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Penn and amenableness to his personal influence, looked upon themselves as partners with him in the great colonial venture. They had left home, and subdued the wilderness, in order to enjoy privileges. A war ending in 1697 and one lasting from 1702 to 1713 took away, either by capture at sea, or scarcity and high price of European articles, or cessation of immigration, much of the money profit of their labor. It is not surprising that persons so situated grudged every shilling for which Penn asked.

The inconvenience of proprietary governments to the empire at large has been mentioned in the chapter on England. To the inhabitants of the locality subjected, such a government might become intolerable. Liberty had flourished in Pennsylvania, because of the enlightened ideas of the Proprietary who founded the colony: but was it fair that those who were maintaining by great hardship civilization in remote regions, and were still bound by their duties to the King, should have a second lord and master? Particularly when, after the first Proprietary must pass away, his successor, coming by birth or purchase, would be neither the King's nor the People's choice?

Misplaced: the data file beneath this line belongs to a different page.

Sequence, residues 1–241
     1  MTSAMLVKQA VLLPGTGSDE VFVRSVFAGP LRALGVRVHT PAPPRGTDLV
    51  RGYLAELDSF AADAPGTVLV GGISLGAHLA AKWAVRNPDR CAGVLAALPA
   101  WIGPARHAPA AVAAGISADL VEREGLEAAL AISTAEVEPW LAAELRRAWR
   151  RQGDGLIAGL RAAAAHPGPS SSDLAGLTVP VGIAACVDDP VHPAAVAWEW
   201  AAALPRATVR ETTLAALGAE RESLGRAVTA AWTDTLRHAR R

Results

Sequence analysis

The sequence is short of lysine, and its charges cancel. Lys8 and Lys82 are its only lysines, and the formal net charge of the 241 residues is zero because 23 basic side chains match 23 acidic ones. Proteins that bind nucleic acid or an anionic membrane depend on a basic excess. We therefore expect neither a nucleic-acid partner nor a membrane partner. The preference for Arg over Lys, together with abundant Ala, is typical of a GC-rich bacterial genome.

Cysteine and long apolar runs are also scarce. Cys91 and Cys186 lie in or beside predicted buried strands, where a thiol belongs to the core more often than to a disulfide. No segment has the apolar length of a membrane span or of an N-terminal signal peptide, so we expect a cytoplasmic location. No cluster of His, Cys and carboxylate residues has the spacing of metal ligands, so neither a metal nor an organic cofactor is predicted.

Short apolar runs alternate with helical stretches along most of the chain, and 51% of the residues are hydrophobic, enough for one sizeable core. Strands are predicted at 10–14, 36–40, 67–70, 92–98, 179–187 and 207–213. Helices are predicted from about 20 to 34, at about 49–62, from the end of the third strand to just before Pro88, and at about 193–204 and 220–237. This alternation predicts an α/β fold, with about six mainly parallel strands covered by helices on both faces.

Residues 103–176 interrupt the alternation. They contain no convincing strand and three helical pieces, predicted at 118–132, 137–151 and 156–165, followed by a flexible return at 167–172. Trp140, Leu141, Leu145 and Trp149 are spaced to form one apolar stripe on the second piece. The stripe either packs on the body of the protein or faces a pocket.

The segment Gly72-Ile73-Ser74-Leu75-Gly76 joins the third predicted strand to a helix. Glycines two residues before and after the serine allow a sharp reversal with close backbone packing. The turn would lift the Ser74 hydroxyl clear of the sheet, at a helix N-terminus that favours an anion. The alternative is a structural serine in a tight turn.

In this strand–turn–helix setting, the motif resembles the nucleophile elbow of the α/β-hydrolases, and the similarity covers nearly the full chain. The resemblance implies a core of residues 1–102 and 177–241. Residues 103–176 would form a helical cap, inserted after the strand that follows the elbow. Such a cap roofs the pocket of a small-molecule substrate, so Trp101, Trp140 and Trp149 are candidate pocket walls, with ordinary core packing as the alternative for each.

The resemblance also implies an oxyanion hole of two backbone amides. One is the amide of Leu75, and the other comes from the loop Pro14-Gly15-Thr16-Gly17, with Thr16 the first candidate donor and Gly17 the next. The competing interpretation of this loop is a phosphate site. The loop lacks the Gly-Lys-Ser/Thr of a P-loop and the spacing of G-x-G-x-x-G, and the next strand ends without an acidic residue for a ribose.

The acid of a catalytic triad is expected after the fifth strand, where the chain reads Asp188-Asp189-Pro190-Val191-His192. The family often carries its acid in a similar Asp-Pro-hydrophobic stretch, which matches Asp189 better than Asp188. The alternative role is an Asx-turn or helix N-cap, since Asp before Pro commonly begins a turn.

The opponents of Penn other than the Crown officials with some Churchmen, were not desirous of abolishing his viceroyalty, the basis of the colony's independent and improved jurisprudence; nor was the experience of those colonies of which the Governors were selected by the Crown, in the high salaries and military exactions and ecclesiastical arbitrariness, encouraging for a change. In fact, that Penn was inclined to allow such a change was looked upon as a betrayal. All that his opponents and the majority of the freemen wanted was to cut down expenses, and to minimize his power and more particularly the power of his Deputies.

The City Corporation very soon fell into the hands of those inimical to Penn, Lloyd becoming Recorder in place of Story, and, after Shippen's two terms as Mayor, that office being held by Anthony Morris, Griffith Jones, and Joseph Willcox successively. After the Queen's order, the fact that Lloyd and nearly all of the Aldermen were Quakers, made the Mayor's Court and those Aldermen acting as magistrates the only judiciary representing the religious society opposed to oaths. Thus the favor of many Assemblies was enlisted.